Duke University, DISH Wireless and Cisco part of collaboration to launch a higher education neutral host network
Via Dish Network
Apr 22, 2022
WASHINGTON, D.C. – Internet2, Duke University, DISH Wireless and Cisco today announced the launch of a neutral host network pilot for higher education institutions using Citizens Broadband Radio Service (CBRS) shared spectrum.
For the first time, the availability of low-cost, shared wireless spectrum using the CBRS in the 3.5-3.7 GHz band allows enterprises to own and operate private LTE and 5G networks. Private networks enable mobile and fixed wireless broadband access across a variety of innovative cases. For higher education institutions, the many applications include things like smart campuses to internet of things (IoT) sensor networks, extended coverage for campus Wi-Fi, fixed wireless services and support for research testbeds.
“Every college and university has experienced dramatic increases in wireless needs from our mobile-first communities. Rather than providing two separate infrastructures throughout our campuses — cellular and Wi-Fi — the holy grail has always been for a single, common network delivering both cellular and high-speed private Wi-Fi,” said Tracy Futhey, vice president and chief information officer, Duke University. “The recent availability of CBRS, together with our collaboration with Internet2, DISH Wireless and Cisco, makes this vision a reality by delivering a private Duke wireless network over the carrier-grade cellular infrastructure that stretches throughout our campus.”
Private mobile networks can better and more efficiently serve mobile subscribers, including on-campus students and faculty, via a radio access network (RAN)-sharing agreement between mobile operators and universities, also referred to as a Neutral Host Network (NHN).
“It can be difficult for today’s current wireless networks to provide consistently reliable connectivity and coverage across an entire university campus. The goal of this innovative neutral host proof of concept is to improve the quality of the connectivity across Duke’s campus through the use of a private CBRS-connected 5G network,” said Stephen Bye, chief commercial officer, DISH Wireless. “Our objective is to enhance connectivity across the campus with this groundbreaking collaboration with our partners.”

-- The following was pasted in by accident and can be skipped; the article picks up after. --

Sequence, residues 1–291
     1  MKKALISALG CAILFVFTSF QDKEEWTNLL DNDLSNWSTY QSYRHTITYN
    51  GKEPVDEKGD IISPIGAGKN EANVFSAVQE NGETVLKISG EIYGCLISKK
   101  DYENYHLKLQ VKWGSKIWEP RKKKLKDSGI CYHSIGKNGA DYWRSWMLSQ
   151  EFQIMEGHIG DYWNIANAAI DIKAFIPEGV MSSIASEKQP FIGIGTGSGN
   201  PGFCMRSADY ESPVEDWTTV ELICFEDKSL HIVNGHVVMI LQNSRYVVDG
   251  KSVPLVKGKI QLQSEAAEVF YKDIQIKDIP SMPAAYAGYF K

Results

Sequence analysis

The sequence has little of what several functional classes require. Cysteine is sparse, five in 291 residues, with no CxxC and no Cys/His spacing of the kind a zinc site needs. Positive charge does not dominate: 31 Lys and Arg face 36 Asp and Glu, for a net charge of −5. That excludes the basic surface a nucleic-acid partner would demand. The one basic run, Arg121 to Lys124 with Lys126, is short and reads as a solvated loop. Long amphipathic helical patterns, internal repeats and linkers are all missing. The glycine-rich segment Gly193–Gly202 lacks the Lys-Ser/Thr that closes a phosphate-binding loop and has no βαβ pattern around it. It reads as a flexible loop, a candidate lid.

To implement a Neutral Host Network using CBRS on campus, Internet2, Duke University, DISH Wireless and Cisco are collaborating to pilot this solution, validating the feasibility of a scalable, multi-tenant, architecture with CBRS. The trial will launch in summer 2022. The Neutral Host Network will integrate Duke University’s private network, powered by Cisco’s Private 5G as a service platform and Internet2’s upgraded fifth-generation national research and education network, with DISH Wireless’ 5G network.
“Together with Internet2 and DISH, we are creating a future-ready, private mobile network that will provide seamless connection from private to public networks while extending existing Wi-Fi to increase connectivity and transform experiences for students, faculties, and communities on campuses like Duke University,” said Masum Mir, VP/GM, Cable, IoT and Mobile, Cisco. “Cisco Private 5G technology will enable both mobile 4G applications today and future 5G innovations across campus services, safety and security, remote research, and more.”
This innovative collaboration emerged from a new Future Wireless Working Group (FWWG) established by Internet2 in March 2020. The FWWG convened multiple university chief information officers and technology leaders to consider the impact, challenges, and opportunities for community-wide collaboration to evaluate and implement emerging wireless technologies, such as 5G, in higher education. These technologies will support higher education research and development initiatives and enhance campus services.
“We are excited to help our higher education members evaluate the use of advanced wireless technologies across a variety of innovative uses,” added Howard Pfeffer, president and CEO, Internet2. “Our operational capabilities for services, such as eduroam Wi-Fi roaming and our fifth-generation national research and education network, combined with our role as a convener allows Internet2 to bring together and enable unique collaborations between universities and leading industry providers.”
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